Last night we read the story of the washing of feet from John’s gospel when Jesus commanded his disciples, and us, to love one another.  It was the last thing he said before his arrest.  And as we have just heard, he didn’t say much after that until, his seven last words on the cross.

So this last commandment went like this:

“I give you a new commandment, that you love one another. Just as I have loved you, you also should love one another. By this everyone will know that you are my disciples, if you have love for one another.”

A new commandment.  To love. They will know we are Christians by our love.

But then, in the middle of this passion narrative from John which we have just heard read, Jesus said, in answer to a direct question from Pilate about whether or not Jesus is the King of the Jews:

“You say that I am a king. For this I was born, and for this I came into the world, to testify to the truth. Everyone who belongs to the truth listens to my voice.”

We, the believers, we “listen to his voice.”

Do we?

Silence of the Lambs was a terrifying movie to me. You may not be familiar with this old movie.  It was released 28 years ago.  It is the story of FBI agent Clarice Starling who is working on a case searching for a kidnapper and she wants to pick the brain of Hannibal Lecter who is a brilliant Psychiatrist in prison for gruesome murders. A couple of years after it’s release some Italian filmmakers did a parody titled “Silence of the Hams.”  As a vegetarian facing Easter feasts, I had to share that one with you. But I digress.

The title of the movie, Silence of the Lambs is revealed in a short story-inside-the-story near the end of the film. It is a personal story Clarice shares with Hannibal in exchange for his knowledge. 

Clarice has asked this sociopath from his prison cell for help in understanding the murderer they are trying to find. She needs a profile. Hannibal wants something in return, the chance to play some mind games with her. He asks her to tell him of her deepest fear. Clarice recounts a traumatic childhood incident where she was awakened by the sound of spring lambs being slaughtered on a relative's farm in Montana. She admits that she still sometimes wakes in the night thinking she can hear the lambs screaming.

I suppose the silencing of the lambs is relief from the screaming she heard.

Jesus told Pilate that he was born for this.  We assume this means that Jesus was born for the atonement, for his sacrifice of himself to the crucifixion.  That he was born to die for our sins. But there is more to the story than just that.

We know that on Sunday we will remember that he was born so that he could be raised from this slaughter. He was born to testify to the truth.

On Wednesday I preached at the noon service about the history of scapegoating and warned those gathered then that I planned to repeat those thoughts for this gathering.

We think of scapegoating as a dynamic that families and groups do to pick on one person.  The theory is that all systems need a scapegoat, someone to burden with their negativity. The systems theorists of the 1950s and 1960s who came up with this concept actually used the name of an ancient practice to indicate these human relational dynamics.

There was an annual ritual described in the Bible about this. In Leviticus Chapter 16 when Aaron was the High Priest and he was instructed what to do about the old scapegoat ritual in which the entire community would exile an actual goat.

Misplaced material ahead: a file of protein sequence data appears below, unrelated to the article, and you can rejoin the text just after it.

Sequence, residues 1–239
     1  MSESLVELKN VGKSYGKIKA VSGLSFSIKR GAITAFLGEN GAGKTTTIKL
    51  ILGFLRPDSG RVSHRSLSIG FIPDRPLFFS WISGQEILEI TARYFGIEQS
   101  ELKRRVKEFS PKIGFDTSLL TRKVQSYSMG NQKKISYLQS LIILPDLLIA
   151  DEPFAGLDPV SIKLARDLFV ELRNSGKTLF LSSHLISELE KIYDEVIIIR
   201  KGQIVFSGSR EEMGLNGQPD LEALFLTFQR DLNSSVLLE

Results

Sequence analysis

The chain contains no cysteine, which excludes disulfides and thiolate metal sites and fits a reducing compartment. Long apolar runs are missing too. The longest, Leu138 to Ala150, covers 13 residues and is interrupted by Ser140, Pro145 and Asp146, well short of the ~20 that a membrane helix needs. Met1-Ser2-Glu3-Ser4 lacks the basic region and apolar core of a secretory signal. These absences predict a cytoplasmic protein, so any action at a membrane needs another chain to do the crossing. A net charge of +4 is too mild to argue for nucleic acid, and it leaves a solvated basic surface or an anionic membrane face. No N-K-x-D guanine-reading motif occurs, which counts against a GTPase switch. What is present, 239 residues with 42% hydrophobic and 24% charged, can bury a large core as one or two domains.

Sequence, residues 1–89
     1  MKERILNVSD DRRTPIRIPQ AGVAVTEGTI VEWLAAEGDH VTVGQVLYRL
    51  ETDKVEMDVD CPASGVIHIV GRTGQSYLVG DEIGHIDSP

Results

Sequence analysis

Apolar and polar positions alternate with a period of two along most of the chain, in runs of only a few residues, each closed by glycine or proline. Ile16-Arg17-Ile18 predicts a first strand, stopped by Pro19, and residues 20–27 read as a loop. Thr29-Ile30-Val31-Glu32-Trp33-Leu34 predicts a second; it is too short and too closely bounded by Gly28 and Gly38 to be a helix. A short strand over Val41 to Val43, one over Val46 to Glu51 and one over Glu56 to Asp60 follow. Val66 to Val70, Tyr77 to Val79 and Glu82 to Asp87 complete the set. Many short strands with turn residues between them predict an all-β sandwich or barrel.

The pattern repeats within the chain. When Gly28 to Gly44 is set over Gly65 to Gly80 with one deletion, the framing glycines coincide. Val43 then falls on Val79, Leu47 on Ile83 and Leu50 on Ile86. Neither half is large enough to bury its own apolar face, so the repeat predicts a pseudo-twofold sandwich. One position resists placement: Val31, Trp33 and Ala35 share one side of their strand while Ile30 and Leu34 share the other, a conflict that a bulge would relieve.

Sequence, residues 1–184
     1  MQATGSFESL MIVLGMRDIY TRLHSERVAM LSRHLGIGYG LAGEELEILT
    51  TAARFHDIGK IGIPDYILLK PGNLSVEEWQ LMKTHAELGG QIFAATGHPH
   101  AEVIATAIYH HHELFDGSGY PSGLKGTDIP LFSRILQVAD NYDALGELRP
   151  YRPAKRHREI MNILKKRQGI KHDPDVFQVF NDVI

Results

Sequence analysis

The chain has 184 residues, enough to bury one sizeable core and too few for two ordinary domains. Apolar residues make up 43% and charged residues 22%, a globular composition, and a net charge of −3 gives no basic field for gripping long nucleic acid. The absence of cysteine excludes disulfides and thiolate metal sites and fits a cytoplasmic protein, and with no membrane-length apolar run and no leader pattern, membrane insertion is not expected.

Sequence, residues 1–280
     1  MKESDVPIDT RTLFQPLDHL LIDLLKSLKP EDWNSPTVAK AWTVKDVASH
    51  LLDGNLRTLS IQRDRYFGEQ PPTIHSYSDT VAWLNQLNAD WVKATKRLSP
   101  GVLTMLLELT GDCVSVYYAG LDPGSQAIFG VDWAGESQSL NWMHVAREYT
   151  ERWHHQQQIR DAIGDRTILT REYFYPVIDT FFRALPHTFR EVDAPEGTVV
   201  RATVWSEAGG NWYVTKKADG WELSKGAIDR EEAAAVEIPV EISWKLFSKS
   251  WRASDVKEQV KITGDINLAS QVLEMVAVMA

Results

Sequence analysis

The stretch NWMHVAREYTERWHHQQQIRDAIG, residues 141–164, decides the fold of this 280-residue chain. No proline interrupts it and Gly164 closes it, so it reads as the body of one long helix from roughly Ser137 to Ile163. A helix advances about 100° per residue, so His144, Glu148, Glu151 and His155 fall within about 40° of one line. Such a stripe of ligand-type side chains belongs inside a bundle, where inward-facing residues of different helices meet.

On the “Day of Atonement” the high priest was instructed to symbolically lay all the sins of the people on one unfortunate goat, and the people would then beat the animal until it fled into the desert where presumably it would die of starvation, dehydration and isolation. It was a vivid symbolic act that helped to unite and free the children of Israel. Instead of owning their faults, this ritual allowed people to export them elsewhere—in this case onto an innocent animal.

The image of the scapegoat powerfully mirrors the universal, but largely unconscious, human need to transfer our guilt onto something or someone else by singling that other person out for unmerited negative treatment.

This pattern is seen in many facets of our society and our private, inner lives - so much so that we might call it “the sin of the world” (note that “sin” is singular in the Gospel of John, particularly John 1:29).

We humans largely hate or blame almost anything else rather than recognize our own weaknesses and negativity. “She made me do it.” “He is guilty.” “He deserves it.” “They are the problem.” “They are evil.” We seldom consciously know that we are scapegoating or projecting. It’s automatic, ingrained, and unconscious. As Jesus said, in one of his seven last words, people literally “do not know what they are doing” (Luke 23:34).

The Scriptures call such ignorant hatred “sin,” and Jesus came precisely to “take away” (John 1:29) our capacity to commit this sin. Jesus stood as the fully innocent one who was condemned by the highest authorities of both “church and state” (Jerusalem and Rome), an act that should create healthy suspicion about how wrong even the highest powers can be.   ~ Richard Rohr

So we have spent again this year, these forty days of Lent working on ourselves.  We spend this time in preparation for Good Friday so that we can purge ourselves of these tendencies we have to project and to scapegoat.  Because we all do this.  Because we are human.  But without our repentance, all of this ritual is pointless and Easter is disempowered and turned into mere bunnies and eggs.

With our repentance, however, we get to see and to hear and to experience the truth. 

Jesus doesn’t answer Pilate’s question, “What is truth?” because Pilate is incapable of hearing the truth.

We get to hear the truth.

The very stones will shout it out.

Tall buildings may fall down or burn to the ground.

Waring people may continue to kill each other in the name of God.

Jesus, our paschal lamb, will make this final sacrifice.